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I've recently upgraded my Raspberry Pi from Raspbian 8 (Jessie) to 9 (Stretch). The Pi in accessible on my LAN both via IPv4 and IPv6. I have applied some iptables rules (IPv4 only) to block hosts that fail to authenticate multiple times via SSH. There are no iptables rules for IPv6 (yet).

But now iptables (on IPv4) blocks SSH connections from my workstation to the Pi if I try to connect more than one time. Specifically: I can successfully open a first SSH session via IPv4, but when I try to open another session simultaneously it locks me out. I can then only connect via IPv6, or I have to wait until the block time is over (10 minutes).

So far I wasn't able to find the cause of this problem. iptables is set up in a way that it logs all failed connection attempts in syslog, using the keyword "iptables denied". There I can see failed connections on my SSH port, which look like this:

$ tail -f syslog | grep "iptables denied" | grep "DPT=22"
Mar 29 15:39:45 raspberry kernel: [  179.988501] iptables denied: IN=wlan0 OUT= MAC=b8:27:eb:16:b3:1d:e4:b3:18:e3:47:f7:08:00 SRC=192.168.133.51 DST=192.168.133.50 LEN=52 TOS=0x00 PREC=0x00 TTL=128 ID=32145 DF PROTO=TCP SPT=58723 DPT=22 WINDOW=64240 RES=0x00 SYN URGP=0

This is the ruleset for iptables:

$ cat rules.v4
# Generated by iptables-save v1.6.0 on Mon Mar 26 22:54:58 2018
*filter
:INPUT ACCEPT [0:0]
:FORWARD ACCEPT [0:0]
:OUTPUT ACCEPT [0:0]
:LOG_AND_DROP - [0:0]
-A INPUT -i lo -j ACCEPT
-A INPUT -d 127.0.0.0/8 ! -i lo -j REJECT --reject-with icmp-port-unreachable
-A INPUT -m state --state RELATED,ESTABLISHED -j ACCEPT
-A INPUT -p tcp -m tcp --dport 22 -m state --state NEW -m recent --set --name DEFAULT --mask 255.255.255.255 --rsource
-A INPUT -p tcp -m tcp --dport 22 -m state --state NEW -m recent --update --seconds 600 --hitcount 4 --name DEFAULT --mask 255.255.255.255 --rsource -j LOG_AND_DROP
-A INPUT -p tcp -m tcp --dport 22 -j ACCEPT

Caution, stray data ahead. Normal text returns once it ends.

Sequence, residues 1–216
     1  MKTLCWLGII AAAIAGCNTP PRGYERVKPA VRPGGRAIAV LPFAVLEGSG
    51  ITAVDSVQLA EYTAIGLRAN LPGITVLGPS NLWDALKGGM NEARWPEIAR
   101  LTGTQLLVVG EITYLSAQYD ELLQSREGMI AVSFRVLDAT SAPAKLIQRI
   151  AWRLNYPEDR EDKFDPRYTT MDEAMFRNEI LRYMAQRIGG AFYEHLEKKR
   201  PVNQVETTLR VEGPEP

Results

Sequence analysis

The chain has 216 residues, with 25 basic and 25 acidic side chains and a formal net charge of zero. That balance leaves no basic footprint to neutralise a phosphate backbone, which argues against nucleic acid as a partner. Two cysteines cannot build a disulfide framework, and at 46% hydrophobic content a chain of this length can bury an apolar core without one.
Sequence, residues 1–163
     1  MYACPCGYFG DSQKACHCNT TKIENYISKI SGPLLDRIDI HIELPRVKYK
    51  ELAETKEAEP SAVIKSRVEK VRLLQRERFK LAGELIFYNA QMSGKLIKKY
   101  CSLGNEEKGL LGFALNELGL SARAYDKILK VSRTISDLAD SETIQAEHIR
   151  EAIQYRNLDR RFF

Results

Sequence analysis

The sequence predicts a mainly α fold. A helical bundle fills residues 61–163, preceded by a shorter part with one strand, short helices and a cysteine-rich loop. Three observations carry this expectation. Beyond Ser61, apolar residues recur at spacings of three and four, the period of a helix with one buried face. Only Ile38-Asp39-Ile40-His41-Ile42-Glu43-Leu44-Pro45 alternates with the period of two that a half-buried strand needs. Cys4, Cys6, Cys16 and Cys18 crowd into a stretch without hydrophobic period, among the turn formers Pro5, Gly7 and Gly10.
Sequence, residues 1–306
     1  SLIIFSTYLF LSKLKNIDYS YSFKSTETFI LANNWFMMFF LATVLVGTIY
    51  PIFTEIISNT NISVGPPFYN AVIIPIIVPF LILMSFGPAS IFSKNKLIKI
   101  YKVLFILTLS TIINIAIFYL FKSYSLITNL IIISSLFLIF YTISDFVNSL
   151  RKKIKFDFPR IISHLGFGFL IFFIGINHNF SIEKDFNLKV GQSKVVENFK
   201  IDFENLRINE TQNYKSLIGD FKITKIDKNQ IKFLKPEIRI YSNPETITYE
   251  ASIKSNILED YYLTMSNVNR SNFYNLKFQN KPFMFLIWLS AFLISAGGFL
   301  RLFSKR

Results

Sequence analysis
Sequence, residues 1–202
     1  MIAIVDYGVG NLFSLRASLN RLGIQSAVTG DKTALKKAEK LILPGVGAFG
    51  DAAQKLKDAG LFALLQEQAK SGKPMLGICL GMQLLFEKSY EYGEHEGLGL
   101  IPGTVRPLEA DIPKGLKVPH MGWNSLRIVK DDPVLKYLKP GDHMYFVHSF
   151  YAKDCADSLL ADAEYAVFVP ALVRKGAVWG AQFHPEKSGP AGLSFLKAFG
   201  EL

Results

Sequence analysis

-A INPUT -p icmp -m icmp --icmp-type 8 -j ACCEPT
-A INPUT -s 192.168.133.0/24 -p igmp -m addrtype --dst-type MULTICAST -j ACCEPT
-A INPUT -s 192.168.133.1/32 -p tcp -m tcp --dport 80 -j ACCEPT
-A INPUT -s 192.168.133.0/24 -p udp -m udp --dport 137:138 -m addrtype --dst-type BROADCAST -j ACCEPT
-A INPUT -m limit --limit 5/min -j LOG --log-prefix "iptables denied: " --log-level 7
-A INPUT -j DROP
-A FORWARD -j DROP
-A OUTPUT -j ACCEPT
-A LOG_AND_DROP -j LOG --log-prefix "iptables denied: " --log-level 7
-A LOG_AND_DROP -j DROP
COMMIT
# Completed on Mon Mar 26 22:54:58 2018

If you guys wish I can provide a full transcript of a successful SSH session (with maximum debug verbosity "-vvv") and also a failed connection attempt (if this helps debugging).

  • The rules won't decipher successful or unsuccessful logins, but rather block more that 4 connections from the same ip address every 10 minutes. You need to monitor how many connections are being spawned every time you connect. An easier solution would be to look at installing and IDS like fail2ban – Raman Sailopal Mar 29 '18 at 14:33
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From your ipv4 iptables rules, you should allow 4 connections per 10 minute window.

You expect only one connection, the one you attempted yourself. But, other connection attempts could hit on port 22 (this is a quite common target for port scans!). Is your Raspberry Pi exposed with a public ipv4 address on interface wlan0?

  • Well, to be honest my SSH isn't actually running on port 22. I reconfigured this to a different port for security reasons. Just for the sake of convenience I changed it to standard port in this example. What I tried to do here is to block unsuccessful logins using a technique described in this blog post: blog.bigdinosaur.org/securing-ssh-with-iptables If this is the wrong approach, then my question would be: how must I change the rules to reflect what I'm trying to achieve? – el.com Mar 29 '18 at 15:47
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See iptables hashlimit module, or google "iptables rate limit source address"

As something more concrete, found this as an example:

iptables -I INPUT -m hashlimit -m tcp -p tcp --dport 80 --hashlimit-above 20/sec --hashlimit-mode srcip --hashlimit-name http -m state --state NEW -j DROP 

Customise to your port, rate, etc etc.

Or use fail2ban, this can be a really good solution, I only use it for SSH myself but it can protect other resources by "failed login count", so you wont trip your own rate limit with legal logins. Though you'd probably have to customise the config to work on a non standard port :)

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